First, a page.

Last Monday I wrote about Time Warner’s “No I Can’t” customer service attitude. I didn’t name Time Warner then, but after a week of the problem still not being solved I figured it was time. Sprint on the other hand, approached a recent issue I had with a “let’s solve the problem” attitude.
A happy “can do” representative. The call to Sprint occurred because notification that a rebate for a recent phone upgrade had been denied. The call was answered by an automated system but in very short order I was speaking to a human who began the conversation with “how can I help you today?” I briefly explained the problem and she said, “well, that’s no good let’s get the problem solved today.”
The importance of a single point of contact. Instead of providing the telephone number for the rebate department (probably another company) she called them, explained the problem and then conferenced me in. By that time the problem had been solved. Total time about 10 minutes and one phone call with the initial contact point still on the call.
Be the customer’s advocate. Since the original representative had remained on the call, the issue never had to re-explained. She took responsibility on my behalf to solve the problem within the Sprint system. Remember, she knows the Sprint system and various departments, I do not. Timer Warner representatives (I’ve now spoken to five different people) seem to assume I know which departments are involved in solving what I perceive to be a simple issue. I don’t, and quite honestly it’s their problem not mine.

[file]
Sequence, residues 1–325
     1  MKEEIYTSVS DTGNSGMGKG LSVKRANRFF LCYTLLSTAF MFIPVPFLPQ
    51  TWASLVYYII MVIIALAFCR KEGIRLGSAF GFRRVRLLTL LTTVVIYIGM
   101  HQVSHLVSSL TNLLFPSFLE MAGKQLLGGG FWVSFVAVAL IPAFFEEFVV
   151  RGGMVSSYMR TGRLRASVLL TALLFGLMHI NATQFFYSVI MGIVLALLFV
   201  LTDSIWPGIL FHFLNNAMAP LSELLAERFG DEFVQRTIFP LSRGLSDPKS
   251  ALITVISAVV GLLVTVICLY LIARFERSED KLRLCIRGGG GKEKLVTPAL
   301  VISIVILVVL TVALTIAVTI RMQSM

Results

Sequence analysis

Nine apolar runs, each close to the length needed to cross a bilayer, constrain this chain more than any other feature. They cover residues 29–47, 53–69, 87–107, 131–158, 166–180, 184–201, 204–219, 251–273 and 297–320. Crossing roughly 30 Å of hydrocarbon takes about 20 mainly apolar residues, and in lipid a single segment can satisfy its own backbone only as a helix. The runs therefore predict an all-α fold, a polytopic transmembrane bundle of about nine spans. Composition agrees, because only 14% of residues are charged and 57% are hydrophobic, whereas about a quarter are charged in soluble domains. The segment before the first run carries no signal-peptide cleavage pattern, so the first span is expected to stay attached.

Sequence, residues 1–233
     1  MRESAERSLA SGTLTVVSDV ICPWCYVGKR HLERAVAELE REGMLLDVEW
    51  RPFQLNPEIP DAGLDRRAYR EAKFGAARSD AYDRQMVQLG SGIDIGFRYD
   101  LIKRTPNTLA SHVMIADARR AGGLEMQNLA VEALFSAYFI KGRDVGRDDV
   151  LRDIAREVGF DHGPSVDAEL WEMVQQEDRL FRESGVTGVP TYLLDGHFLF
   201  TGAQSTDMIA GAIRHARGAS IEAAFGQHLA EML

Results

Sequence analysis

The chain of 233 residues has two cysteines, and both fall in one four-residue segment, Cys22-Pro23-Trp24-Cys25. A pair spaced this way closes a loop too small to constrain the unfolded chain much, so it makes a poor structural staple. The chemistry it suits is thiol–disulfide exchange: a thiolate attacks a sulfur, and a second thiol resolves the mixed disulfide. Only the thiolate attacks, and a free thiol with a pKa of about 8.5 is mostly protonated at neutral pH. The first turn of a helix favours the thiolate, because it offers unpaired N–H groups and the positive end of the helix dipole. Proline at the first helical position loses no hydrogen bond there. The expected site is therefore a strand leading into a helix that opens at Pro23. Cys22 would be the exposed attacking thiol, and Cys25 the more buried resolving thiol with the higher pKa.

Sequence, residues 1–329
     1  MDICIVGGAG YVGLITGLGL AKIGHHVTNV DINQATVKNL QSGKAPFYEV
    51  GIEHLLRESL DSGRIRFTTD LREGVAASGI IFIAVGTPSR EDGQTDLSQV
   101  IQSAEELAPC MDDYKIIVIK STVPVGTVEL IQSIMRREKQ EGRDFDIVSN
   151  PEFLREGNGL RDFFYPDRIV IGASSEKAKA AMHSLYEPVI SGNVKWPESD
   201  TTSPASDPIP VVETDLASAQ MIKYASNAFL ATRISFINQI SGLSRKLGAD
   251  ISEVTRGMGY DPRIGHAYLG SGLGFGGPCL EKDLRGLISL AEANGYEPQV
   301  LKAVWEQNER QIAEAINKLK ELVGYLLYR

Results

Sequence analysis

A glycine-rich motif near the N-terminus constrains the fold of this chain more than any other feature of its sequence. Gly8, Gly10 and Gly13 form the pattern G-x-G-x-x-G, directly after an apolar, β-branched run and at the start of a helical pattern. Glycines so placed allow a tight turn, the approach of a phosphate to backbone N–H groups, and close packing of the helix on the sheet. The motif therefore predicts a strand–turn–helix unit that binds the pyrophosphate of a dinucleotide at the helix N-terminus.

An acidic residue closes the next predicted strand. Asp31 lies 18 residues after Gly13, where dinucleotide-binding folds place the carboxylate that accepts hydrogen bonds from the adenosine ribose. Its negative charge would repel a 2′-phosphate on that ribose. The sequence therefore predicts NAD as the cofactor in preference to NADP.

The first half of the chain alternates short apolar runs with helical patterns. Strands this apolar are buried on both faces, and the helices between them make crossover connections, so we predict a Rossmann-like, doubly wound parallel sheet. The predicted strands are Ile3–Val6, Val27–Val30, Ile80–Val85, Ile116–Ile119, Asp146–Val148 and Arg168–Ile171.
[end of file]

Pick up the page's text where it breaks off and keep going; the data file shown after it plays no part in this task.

When a customer calls your small business. Once your business has more than one person it becomes increasingly easy to take the Time Warner approach of “That’s not my job (department).” Wouldn’t it be equally easy to take the Sprint approach and stay on the call while you track down the person within the organization who can solve the problem? While it may not seem more efficient on the surface, I would argue that in the end fewer company resources are expended. That and you have a better chance of your customer writing a positive than a negative blog post about you.
Any amazing customer service stories you’d like to share? As a small business owner how do you approach customer service?